We’ll Be Behind

The Chair and the Vice-Chair both said
Before we raise rates at the Fed
We’ll taper our buying
While we’re verifying
If growth can keep moving ahead

So, don’t look at forecasts ‘cause we
Care only for hard stats we see
Thus, we’ll be behind
The curve, but you’ll find
Inflation we’ll welcome with glee

The Fed has made clear they are driving the bus looking only in the rearview mirror.  This is a pretty dramatic change in their modus operandi.  Historically, given the widespread understanding that monetary policy works with a lag of anywhere from 6 months to 1 year, the Fed would base policy actions on their forecasts of future activity.  This process was designed to prevent inflation from rising too high or allowing growth to lag too far from trend.  One of the problems they encountered, though, was that they were terrible forecasters, with their models often significantly understating or overstating expectations of future outcomes.

So, kudos to Chairman Powell for recognizing they have no special insight into the future of the economy.  It is always difficult for an institution, especially one as hidebound as the Federal Reserve, to recognize its shortcomings.  This does beg the question, though, if they are going to mechanically respond to data with policy moves, why do they even need to be involved at all?  Certainly, an algorithm can be programmed to make those decisions without the added risk of making policy errors. Instead, the Fed could concentrate on its role as banking supervisor, an area in which they have clearly fallen behind.  But I digress.

Back in the real world, this change, which they have been discussing for some time, is truly important.  It seems to be premised on the idea that measured inflation remains far below their target, so running the economy ‘hot’ is a desirable way to achieve that target.  And running the economy hot has the added benefit of helping to encourage maximum employment in the economy, their restated goal on that half of the mandate.  It also appears to assume that they have both the tools, and the wherewithal to use them, in case inflation gets hotter than currently expected.  It is this last assumption that I fear will come back to haunt them.  But for now, this week’s CPI data did nothing to scare anybody and they are feeling pretty good.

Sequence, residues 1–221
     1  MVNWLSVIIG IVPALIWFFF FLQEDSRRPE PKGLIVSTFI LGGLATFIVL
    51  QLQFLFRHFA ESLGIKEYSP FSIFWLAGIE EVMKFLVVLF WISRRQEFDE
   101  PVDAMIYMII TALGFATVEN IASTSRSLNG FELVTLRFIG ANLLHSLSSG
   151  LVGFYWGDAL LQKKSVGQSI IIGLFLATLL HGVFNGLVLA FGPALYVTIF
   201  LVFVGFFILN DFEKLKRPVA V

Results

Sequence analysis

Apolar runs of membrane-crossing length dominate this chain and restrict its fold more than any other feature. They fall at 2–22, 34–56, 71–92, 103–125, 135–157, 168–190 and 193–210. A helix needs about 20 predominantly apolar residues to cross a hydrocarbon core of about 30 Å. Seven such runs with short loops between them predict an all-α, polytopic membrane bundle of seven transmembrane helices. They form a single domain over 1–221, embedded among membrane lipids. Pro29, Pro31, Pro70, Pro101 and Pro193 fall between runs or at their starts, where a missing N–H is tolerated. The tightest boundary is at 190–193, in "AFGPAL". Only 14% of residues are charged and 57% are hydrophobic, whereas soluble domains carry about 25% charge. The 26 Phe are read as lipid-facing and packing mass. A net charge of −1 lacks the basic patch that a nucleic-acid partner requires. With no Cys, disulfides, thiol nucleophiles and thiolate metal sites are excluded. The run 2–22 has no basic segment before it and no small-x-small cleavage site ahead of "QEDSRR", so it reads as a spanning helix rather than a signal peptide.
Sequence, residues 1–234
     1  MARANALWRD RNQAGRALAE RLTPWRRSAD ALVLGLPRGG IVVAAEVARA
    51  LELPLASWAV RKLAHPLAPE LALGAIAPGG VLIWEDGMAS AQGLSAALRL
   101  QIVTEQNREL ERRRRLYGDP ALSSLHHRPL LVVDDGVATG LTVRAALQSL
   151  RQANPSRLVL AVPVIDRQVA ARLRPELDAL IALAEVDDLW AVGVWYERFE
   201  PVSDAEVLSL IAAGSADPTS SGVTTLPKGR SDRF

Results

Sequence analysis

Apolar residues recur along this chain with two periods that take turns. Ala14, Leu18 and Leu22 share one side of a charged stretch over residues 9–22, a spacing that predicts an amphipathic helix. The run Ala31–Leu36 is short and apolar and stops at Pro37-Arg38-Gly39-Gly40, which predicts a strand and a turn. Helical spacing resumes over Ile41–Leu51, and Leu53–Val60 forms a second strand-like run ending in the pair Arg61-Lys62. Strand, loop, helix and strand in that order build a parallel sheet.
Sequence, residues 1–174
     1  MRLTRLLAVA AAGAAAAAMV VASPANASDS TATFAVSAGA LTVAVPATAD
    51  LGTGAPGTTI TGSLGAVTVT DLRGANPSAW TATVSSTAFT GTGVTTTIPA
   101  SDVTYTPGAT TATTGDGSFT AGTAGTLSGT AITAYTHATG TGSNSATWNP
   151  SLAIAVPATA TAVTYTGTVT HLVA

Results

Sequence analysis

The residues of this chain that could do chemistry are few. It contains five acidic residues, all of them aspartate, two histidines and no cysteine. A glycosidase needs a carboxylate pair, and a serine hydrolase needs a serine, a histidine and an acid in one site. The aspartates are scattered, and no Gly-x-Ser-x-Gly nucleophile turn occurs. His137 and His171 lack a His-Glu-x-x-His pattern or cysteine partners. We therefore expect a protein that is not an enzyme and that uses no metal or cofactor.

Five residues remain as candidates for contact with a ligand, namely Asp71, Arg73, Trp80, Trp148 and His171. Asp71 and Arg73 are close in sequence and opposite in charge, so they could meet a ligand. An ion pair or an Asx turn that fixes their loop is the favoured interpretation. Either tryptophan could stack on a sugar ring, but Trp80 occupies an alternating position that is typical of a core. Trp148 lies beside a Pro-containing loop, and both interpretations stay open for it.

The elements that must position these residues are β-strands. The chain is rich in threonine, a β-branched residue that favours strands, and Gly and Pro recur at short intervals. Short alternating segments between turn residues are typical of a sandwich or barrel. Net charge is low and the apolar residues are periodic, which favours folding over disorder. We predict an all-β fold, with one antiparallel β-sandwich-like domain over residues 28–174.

One other thing they both made clear was that the timing of any rate hike was absolutely going to be after QE purchases are completed.  So, the tapering will begin at some point, and only when they stop expanding the balance sheet will they consider raising the Fed Funds rate.  Right now, the best guess is late 2023, but clearly, since they are data driven, that is subject to change.

There is a conundrum, though, in the markets.  Despite this very clear policy direction, and despite the fact that bond investors are typically quite sensitive to potential inflation, Treasury yields have seemingly peaked for the time being and continue to slide lower.  Certainly, the auctions this week, where the Treasury issued $120 billion in new debt were all well received, so concerns over a buyer’s strike were overblown.  In fact, overnight data showed that Japanese buyers soaked up nearly $16 billion in bonds, the largest amount since last November.  But, depending on how you choose to measure real interest rates, they remain somewhere between 0.0% and -1.0% based on either Core or Headline CPI vs. the 10-year.  Traditionally, headline has been the measure since it represents everything, and for a bond investor, they still need to eat and drive so those costs matter.

Summing this all up tells us 1) the Fed is 100% reactive to data now, so overshooting in their targets is a virtual given; 2) interest rates are not going to rise for at least another two years as they made clear they will begin tapering their QE purchases long before they consider raising interest rates; and 3) the opportunity for increased volatility of outcomes has grown significantly with this new policy stance since, by definition, they will always be reactive.  To my mind, this situation is one where the current market calm is very likely preceding what will be a very large storm.  If central banks handcuff themselves to waiting for data to print (and remember, hard data is, by definition, backwards looking, generally at least one month and frequently two months), trends will be able to establish themselves such that the Fed will need to respond in a MUCH greater manner to regain control.  Markets will not take kindly to that situation.  But that situation is not yet upon us, so the bulls can continue to run.